7204X (51453) Illegitimate Shakespeare

Tanya Pollard

3117 Boylan

T. 4:30-6:10

e-mail: Tpollard@brooklyn.cuny.edu

website: http://academic.brooklyn.cuny.edu/english/tpollard

Office: 3108 Boylan

phone: 718-951-5000 x6216

hours: 3:34-4:30, and by appt

As one of the most canonical writers in the English language, Shakespeare is often identified as a figure of authority, establishment, and legitimacy.  His plays, however, are fascinated by questions of illegitimacy, with a particular focus on the problem of illegitimate children.  Many of his plays feature characters described as bastards, and many others feature anxieties about sexual infidelity and its consequences.  This class will explore intersections in Shakespeare’s plays between anxieties about illegitimate children and unauthorized literary production, especially the scandals associated with hybrid literary genres. 

 

Date

Reading

Group

1

1-31

Introduction

2

2-7

Much Ado About Nothing, Acts 1-3

1

3

2-14

Much Ado 4-5, Measure for Measure 1-2

2

4

2-21

Measure for Measure 3-5

3

5

2-28

Troilus and Cressida 1-3

1

6

3-7

Troilus and Cressida 4-5, Pericles 1-2

2

7

3-14

Pericles 3-5

3

8

3-21

Cymbeline 1-3

1

9

3-28

Cymbeline 4-5, The Winter’s Tale 1-2

2

10

4-4

Research workshop, Library Room 383

 

11

4-11

No class: spring break

 

12

4-18

No class: spring break

 

13

4-25

Winter’s Tale 3-5, proposal due for research paper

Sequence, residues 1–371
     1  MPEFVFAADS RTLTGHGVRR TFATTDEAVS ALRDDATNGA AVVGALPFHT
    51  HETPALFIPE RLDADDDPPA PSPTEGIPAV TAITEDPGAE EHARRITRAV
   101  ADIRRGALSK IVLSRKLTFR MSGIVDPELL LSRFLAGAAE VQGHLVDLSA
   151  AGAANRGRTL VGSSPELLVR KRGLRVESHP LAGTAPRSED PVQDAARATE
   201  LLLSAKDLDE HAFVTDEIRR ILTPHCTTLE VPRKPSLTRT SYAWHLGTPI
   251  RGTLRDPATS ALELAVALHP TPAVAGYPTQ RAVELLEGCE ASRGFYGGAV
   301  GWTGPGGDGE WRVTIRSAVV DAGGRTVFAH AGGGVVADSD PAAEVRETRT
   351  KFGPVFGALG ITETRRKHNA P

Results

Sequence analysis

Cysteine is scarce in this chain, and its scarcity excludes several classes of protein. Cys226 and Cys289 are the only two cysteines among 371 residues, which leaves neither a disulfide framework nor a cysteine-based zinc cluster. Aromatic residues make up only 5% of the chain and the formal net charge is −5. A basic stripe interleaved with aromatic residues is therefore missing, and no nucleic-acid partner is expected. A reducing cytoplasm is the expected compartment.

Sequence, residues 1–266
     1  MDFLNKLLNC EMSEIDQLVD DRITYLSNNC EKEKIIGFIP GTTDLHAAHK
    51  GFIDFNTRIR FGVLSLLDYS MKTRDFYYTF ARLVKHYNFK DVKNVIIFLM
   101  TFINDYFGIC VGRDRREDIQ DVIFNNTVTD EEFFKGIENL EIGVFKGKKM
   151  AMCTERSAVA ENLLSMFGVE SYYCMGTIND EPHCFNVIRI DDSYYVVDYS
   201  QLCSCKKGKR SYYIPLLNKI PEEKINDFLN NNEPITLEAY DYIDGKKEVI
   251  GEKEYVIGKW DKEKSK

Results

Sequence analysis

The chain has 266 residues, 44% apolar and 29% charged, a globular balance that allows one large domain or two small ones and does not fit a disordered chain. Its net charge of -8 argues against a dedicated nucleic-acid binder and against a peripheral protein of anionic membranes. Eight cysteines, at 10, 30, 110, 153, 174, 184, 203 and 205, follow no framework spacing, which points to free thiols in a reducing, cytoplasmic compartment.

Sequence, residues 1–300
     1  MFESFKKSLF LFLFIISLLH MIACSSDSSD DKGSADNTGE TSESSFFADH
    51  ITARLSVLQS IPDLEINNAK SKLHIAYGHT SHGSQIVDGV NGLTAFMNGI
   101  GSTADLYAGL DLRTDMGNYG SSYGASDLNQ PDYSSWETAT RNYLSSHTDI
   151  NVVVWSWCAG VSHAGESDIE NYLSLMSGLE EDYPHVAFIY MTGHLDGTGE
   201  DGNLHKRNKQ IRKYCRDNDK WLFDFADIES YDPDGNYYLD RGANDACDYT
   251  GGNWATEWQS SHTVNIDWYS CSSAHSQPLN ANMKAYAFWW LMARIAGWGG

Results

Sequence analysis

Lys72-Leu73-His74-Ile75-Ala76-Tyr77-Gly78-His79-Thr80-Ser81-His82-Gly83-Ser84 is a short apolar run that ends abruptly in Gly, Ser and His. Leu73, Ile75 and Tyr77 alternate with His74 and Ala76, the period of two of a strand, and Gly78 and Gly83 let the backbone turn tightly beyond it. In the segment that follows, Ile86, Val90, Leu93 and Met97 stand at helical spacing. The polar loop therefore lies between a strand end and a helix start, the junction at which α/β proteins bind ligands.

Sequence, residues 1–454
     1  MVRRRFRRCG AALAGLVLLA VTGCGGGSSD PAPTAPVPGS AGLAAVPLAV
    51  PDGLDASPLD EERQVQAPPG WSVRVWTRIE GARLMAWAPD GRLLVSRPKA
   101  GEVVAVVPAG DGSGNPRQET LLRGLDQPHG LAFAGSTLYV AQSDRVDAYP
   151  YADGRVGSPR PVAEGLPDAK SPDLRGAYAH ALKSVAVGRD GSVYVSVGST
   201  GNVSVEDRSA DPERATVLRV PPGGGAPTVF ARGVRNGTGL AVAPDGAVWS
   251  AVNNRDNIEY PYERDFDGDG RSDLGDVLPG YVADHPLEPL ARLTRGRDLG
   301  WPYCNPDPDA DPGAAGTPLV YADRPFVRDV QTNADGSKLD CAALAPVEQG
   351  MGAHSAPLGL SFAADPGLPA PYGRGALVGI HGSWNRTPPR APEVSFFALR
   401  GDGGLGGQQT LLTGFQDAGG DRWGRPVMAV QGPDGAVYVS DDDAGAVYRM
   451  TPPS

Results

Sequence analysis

3

14

5-2

presentations on research papers

 

15

5-9

presentations on research papers

 


16

5-16

draft of research paper due; peer-editing workshop

17

5-23

final research paper due

Course Requirements and Expectations:

Attendance

Because your presentations and contributions to class discussion are a central part of your coursework, attendance is crucial.  If you miss more than two classes, your overall grade will drop; at four absences, you may fail the class. Arriving late, leaving early, or leaving and returning during class, will count as a partial absence.

Texts

I have ordered copies of the plays at the college bookstore, but you are welcome to use other editions if you prefer; if purchasing the books is a problem, you can find texts in the library.  Because this class is based on close reading, it is important that everyone has a hard copy of the play in class (no reading from electronic devices, please).  If you forget your copy, stop by the library on the way to class.  Recommended secondary readings will be available through Blackboard.

Participation

Learning is a collaborative process, which works best when each of you engages fully with the texts and with each other.  To this end, I will expect you to participate actively in class discussions, and you will be required to make frequent presentations.  Because electronic devices are distracting, they should all be put away and turned off in class.  In order to build a classroom atmosphere of courtesy and concentration, please avoid behavior that is disrespectful and interferes with others’ learning, including rudeness, talking while others are speaking, and ringing from cell-phones, pagers, watches, etc.

Writing